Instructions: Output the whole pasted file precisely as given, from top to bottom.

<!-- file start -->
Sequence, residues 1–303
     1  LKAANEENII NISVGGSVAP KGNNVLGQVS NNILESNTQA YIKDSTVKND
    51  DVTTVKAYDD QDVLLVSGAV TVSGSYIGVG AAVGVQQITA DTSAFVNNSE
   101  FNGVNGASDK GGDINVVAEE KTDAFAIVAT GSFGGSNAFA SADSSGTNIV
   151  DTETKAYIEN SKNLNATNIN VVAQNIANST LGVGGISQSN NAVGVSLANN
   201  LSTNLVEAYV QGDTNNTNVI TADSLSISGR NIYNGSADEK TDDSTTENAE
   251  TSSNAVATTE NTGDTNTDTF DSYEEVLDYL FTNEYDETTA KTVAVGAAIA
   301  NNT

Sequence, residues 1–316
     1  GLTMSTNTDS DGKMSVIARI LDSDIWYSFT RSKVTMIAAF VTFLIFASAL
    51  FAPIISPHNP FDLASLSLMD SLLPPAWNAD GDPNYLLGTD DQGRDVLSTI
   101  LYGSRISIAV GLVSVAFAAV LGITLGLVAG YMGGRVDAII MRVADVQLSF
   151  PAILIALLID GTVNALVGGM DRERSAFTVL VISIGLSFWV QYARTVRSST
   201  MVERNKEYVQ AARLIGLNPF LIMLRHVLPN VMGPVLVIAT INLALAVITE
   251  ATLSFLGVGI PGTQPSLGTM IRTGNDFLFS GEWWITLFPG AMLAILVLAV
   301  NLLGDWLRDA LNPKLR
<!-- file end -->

Sequence, residues 1–303
     1  LKAANEENII NISVGGSVAP KGNNVLGQVS NNILESNTQA YIKDSTVKND
    51  DVTTVKAYDD QDVLLVSGAV TVSGSYIGVG AAVGVQQITA DTSAFVNNSE
   101  FNGVNGASDK GGDINVVAEE KTDAFAIVAT GSFGGSNAFA SADSSGTNIV
   151  DTETKAYIEN SKNLNATNIN VVAQNIANST LGVGGISQSN NAVGVSLANN
   201  LSTNLVEAYV QGDTNNTNVI TADSLSISGR NIYNGSADEK TDDSTTENAE
   251  TSSNAVATTE NTGDTNTDTF DSYEEVLDYL FTNEYDETTA KTVAVGAAIA
   301  NNT

Sequence, residues 1–316
     1  GLTMSTNTDS DGKMSVIARI LDSDIWYSFT RSKVTMIAAF VTFLIFASAL
    51  FAPIISPHNP FDLASLSLMD SLLPPAWNAD GDPNYLLGTD DQGRDVLSTI
   101  LYGSRISIAV GLVSVAFAAV LGITLGLVAG YMGGRVDAII MRVADVQLSF
   151  PAILIALLID GTVNALVGGM DRERSAFTVL VISIGLSFWV QYARTVRSST
   201  MVERNKEYVQ AARLIGLNPF LIMLRHVLPN VMGPVLVIAT INLALAVITE
   251  ATLSFLGVGI PGTQPSLGTM IRTGNDFLFS GEWWITLFPG AMLAILVLAV
   301  NLLGDWLRDA LNPKLR